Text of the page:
That would have been enough, but then “Practice in Waking” throws us a massive belter: Once Deborah MacClintock wakes up (tellingly, by Scotty imploring her that if she doesn’t, they have a “Long Chance” of survival) and is welcomed onto the Enterprise, Scotty is eager to resume his relationship with her, him having falling for MacClintock when they were in Scotland and is pleased to discover she’s just as passionate about engineering and propulsion as he is. But then, MacClintock apologises and informs the stunned Scotty, and audience, that her prolonged sleep has given her an intimate understanding of the nature of dreams, and that this has led her to the conclusion that the Enterprise, and everyone aboard it, is itself a dream, at which point MacClintock fades away right in front of the entire bridge crew.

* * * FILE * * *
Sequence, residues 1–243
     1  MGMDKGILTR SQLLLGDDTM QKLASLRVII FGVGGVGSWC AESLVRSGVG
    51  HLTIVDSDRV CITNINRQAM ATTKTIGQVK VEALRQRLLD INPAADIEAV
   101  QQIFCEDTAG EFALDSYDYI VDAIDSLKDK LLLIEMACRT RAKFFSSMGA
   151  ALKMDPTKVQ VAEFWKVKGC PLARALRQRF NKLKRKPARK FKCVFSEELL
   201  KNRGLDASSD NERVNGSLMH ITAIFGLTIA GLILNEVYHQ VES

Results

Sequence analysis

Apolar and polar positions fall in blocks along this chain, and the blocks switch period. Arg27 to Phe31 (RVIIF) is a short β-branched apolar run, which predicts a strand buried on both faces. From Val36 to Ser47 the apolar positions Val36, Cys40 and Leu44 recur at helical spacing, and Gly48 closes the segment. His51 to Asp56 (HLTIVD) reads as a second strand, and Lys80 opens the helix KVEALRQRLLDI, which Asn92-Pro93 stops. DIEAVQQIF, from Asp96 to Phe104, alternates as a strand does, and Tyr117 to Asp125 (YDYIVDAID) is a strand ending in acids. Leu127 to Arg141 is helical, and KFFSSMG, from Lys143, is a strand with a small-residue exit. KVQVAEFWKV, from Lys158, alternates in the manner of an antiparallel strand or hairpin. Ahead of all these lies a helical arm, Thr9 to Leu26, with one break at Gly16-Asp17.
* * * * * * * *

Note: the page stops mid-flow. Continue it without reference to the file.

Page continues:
Now, there’s one reading of this scene that paints this as a very facile, Jonathan Livingston Seagull-style revelation. That would of course be the Stoner Philosophy reading, which can be aptly summarised in the following: “Dude…What if…like…this is all just a dream? And like…The real world…No man, I mean the real, real world…Is something else? And somebody out there is dreaming of us right this second? Just think of it, dude”. In other words, basically The Matrix without the 1990s cyberfetishism aesthetic. But that’s not actually what I think Bach is angling for here, and in order to get at what that might be, we need to remember what Star Trek really is, how it works and, more importantly, how it’s perceived and understood by people. Recall this is going out before the rise of Nerd Culture, so the predominant discourse in Star Trek fandom is still dominated by the overwhelmingly female and multiethnic zine culture, much the same sorts of people who gave us Star Trek: The New Voyages. For them, Star Trek represented an ideal to strive for, something inspiring and affirmational that validated their life experiences and gave them a voice, or at least made a case to others for why they should have a voice. In other words, Star Trek was a dream.